Find our regular business calendar, which includes a comprehensive listing of upcoming news events and news triggers, in EnterpriseAM and on the web.

YOUR MOST CLICKED LINKS-

  • Privatization was on everyone’s minds, with our earlier report on PM Madbouly’s planned presser to unveil the state’s privatization program getting the most clicks.
  • A lot of you seem to be interested in attending Cirque Du Soleil in March.
  • Some of you were curious about Emirates NBD Egypt’s new CEO, Amr El Shafei.
  • Egypt’s 1Q 2022-2023 balance of payments report (pdf) got some attention.
  • The EGX’s annual report (pdf), which listed some of the companies that will be included in the state’s IPO pipeline.

AROUND THE WORLD IN SEVEN DAYS-

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It was a grim week in the international news, with the death toll from Monday’s twin earthquakes in Turkey and Syria surpassing 17k yesterday. In business news, a battle between Microsoft and Google — both of which unveiled their AI chatbots this past week — reached its crescendo when shares in Google parent Alphabet plunged after the company’s chatbot made a factual error in a promotional video at a company event.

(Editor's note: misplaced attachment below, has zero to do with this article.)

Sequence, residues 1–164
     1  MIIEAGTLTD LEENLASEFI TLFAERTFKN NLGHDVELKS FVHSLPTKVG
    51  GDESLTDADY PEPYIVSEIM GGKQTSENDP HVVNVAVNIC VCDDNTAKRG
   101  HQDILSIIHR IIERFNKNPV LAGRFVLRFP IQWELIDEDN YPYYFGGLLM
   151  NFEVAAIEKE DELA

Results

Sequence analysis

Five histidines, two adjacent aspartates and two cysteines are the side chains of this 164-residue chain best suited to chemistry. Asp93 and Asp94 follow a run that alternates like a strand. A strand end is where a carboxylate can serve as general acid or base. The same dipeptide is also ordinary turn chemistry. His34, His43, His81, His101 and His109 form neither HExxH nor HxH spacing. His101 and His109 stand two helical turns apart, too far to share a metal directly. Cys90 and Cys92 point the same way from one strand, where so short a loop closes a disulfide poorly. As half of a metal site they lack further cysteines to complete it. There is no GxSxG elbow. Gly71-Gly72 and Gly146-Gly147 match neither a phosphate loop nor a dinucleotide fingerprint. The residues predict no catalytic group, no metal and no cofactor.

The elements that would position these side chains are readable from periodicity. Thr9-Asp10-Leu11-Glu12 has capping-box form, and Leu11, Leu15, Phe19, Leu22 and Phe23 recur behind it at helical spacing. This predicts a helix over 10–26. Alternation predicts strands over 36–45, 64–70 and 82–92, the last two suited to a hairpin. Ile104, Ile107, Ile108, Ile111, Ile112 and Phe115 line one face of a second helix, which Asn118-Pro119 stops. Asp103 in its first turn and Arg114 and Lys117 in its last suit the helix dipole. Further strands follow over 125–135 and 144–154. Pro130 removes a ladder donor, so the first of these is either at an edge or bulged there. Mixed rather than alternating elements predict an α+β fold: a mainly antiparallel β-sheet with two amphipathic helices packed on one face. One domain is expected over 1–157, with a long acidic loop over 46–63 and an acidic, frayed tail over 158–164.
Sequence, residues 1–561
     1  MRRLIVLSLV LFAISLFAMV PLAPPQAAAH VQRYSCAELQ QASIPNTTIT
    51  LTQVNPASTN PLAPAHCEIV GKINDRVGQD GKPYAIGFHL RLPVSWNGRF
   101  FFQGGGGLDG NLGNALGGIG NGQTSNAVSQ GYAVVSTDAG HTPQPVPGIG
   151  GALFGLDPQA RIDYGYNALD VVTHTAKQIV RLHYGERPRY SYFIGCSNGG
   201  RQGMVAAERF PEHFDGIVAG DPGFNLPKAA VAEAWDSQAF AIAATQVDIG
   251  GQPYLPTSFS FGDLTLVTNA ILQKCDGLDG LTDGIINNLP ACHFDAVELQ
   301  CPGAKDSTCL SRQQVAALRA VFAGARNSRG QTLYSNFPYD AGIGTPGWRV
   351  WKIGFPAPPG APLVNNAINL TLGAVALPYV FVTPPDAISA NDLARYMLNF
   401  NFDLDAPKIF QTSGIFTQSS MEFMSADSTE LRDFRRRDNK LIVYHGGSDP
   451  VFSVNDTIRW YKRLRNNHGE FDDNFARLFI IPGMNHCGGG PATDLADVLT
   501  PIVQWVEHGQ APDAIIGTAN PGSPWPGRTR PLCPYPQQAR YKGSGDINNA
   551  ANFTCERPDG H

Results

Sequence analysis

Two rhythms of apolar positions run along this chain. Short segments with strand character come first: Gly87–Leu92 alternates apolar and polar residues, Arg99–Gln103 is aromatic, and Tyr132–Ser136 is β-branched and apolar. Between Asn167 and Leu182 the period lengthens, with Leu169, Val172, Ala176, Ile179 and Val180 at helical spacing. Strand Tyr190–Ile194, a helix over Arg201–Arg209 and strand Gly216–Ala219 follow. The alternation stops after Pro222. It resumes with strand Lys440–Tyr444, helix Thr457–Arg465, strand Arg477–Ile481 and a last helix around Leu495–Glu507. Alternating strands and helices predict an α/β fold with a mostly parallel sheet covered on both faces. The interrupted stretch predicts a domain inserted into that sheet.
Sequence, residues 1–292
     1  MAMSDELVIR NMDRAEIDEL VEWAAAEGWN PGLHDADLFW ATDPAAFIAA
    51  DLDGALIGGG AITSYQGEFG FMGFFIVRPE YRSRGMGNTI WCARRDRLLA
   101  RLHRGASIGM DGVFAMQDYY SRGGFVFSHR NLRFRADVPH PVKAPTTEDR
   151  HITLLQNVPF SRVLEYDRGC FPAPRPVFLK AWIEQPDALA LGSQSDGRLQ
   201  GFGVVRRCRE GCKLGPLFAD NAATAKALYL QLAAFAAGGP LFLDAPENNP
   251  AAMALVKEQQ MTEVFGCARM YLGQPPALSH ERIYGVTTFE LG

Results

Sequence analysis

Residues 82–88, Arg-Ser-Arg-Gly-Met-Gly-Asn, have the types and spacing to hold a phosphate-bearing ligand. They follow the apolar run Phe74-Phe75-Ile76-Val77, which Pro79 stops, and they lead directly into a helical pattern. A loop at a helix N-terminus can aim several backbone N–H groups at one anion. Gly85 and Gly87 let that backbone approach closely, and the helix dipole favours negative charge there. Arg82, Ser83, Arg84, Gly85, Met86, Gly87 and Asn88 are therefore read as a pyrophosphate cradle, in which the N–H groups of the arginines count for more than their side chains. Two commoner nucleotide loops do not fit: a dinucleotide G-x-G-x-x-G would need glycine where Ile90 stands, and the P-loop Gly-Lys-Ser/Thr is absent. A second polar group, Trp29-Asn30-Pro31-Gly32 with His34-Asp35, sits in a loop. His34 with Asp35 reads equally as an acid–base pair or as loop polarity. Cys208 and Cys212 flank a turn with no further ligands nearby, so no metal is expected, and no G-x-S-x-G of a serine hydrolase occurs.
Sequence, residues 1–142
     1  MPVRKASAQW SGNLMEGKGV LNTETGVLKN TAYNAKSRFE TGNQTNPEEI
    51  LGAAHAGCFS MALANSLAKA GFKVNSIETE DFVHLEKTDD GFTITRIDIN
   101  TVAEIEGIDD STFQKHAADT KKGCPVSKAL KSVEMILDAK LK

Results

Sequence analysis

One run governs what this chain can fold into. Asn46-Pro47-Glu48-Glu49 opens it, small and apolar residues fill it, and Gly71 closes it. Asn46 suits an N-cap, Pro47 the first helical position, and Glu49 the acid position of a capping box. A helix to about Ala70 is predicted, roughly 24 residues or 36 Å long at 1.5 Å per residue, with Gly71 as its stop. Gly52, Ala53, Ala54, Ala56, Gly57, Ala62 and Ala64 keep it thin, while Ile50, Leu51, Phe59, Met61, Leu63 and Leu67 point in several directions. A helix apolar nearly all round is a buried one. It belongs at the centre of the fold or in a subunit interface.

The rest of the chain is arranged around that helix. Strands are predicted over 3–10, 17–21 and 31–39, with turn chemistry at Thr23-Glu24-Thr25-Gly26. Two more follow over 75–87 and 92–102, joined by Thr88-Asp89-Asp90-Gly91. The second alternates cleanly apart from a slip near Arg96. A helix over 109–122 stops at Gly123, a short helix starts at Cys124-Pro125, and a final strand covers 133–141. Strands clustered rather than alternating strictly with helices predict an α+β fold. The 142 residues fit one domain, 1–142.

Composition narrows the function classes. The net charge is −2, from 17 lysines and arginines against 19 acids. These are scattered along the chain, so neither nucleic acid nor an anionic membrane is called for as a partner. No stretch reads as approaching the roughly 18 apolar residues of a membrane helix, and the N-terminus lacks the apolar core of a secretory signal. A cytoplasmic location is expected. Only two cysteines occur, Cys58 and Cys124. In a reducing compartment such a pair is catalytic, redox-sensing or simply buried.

Also getting attention last week: Tensions between China and the US continue to rise. The week kicked off with the US downing a suspected Chinese spy balloon — the flap prompted the US to cancel US Secretary of State Antony Blinken’s planned visit to Beijing. Later, US President Joe Biden made several warnings to China in his State of the Union speech, drawing ire from Beijing.